Nicotine enhances automatic temporal processing as measured by the mismatch negativity waveform

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Cholinergic agonists and, more specifically, nicotine, have been found to enhance a number of cognitive processes. The effect of nicotine on temporal processing is not known. The use of behavioral measures of temporal processing to measure its effect could be confounded by the general effects of nicotine on attention. Mismatch negativity (MMN) has been used as a physiological measure of automatic temporal processing to avoid this potential confound.


A total of 20 subjects (11 nonsmokers and 9 smokers following 2 hr of abstinence) participated in a two-visit single-blind, placebo-controlled crossover study of the effect of nicotine on MMN indices in response to an interstimulus interval deviant.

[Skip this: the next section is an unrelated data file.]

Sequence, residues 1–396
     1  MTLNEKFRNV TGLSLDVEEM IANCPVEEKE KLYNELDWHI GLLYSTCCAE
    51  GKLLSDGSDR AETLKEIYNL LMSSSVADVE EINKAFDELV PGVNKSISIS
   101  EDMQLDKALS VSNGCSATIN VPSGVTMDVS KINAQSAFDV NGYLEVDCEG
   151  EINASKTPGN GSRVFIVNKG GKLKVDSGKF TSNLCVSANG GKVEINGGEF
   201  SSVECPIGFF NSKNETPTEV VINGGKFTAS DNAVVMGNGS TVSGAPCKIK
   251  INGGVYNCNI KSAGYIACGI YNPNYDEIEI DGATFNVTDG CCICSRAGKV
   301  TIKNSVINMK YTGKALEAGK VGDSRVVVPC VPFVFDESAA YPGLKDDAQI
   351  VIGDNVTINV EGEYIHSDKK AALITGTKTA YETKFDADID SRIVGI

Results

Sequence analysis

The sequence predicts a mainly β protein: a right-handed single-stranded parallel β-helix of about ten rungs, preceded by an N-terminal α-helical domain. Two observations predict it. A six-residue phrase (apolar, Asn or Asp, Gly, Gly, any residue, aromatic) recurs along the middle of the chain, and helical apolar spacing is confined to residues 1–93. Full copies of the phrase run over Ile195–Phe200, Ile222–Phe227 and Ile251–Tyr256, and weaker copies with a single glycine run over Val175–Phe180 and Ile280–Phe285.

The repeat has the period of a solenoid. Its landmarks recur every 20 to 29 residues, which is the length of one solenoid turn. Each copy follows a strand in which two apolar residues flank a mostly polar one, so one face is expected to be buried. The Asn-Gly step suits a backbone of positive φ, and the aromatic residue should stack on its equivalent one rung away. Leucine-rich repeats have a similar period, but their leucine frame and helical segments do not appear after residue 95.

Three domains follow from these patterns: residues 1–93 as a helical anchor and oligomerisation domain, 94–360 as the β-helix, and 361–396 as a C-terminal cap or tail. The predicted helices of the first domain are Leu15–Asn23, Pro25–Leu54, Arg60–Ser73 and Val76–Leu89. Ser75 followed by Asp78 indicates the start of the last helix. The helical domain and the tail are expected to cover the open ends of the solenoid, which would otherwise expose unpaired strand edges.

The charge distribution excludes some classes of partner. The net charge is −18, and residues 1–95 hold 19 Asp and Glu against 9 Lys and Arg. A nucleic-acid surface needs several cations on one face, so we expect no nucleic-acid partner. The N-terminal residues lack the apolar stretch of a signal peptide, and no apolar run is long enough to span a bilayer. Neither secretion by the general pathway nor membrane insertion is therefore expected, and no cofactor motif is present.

Nicotine-enhanced MMN amplitudes from baseline recording to postdrug recording greater than did the placebo condition. This enhancement was seen in both nonsmokers and smokers. Nicotine had no significant effect on MMN latency or N100 amplitude or latency.


This is the first study to demonstrate a nicotine-related enhancement of MMN amplitude to an interstimulus interval duration deviant and confirms our hypothesis that nicotine enhances preattentive temporal processing. Nicotinic agonists may represent a potential therapeutic option for individuals with abnormalities in early sensory or temporal processing related to cholinergic system abnormalities. Methodologically, our paradigm of nicotine administration in abstinent smokers is important because it resulted in both minimal withdrawal symptoms and meaningful data that are not attributable solely to relief of withdrawal.

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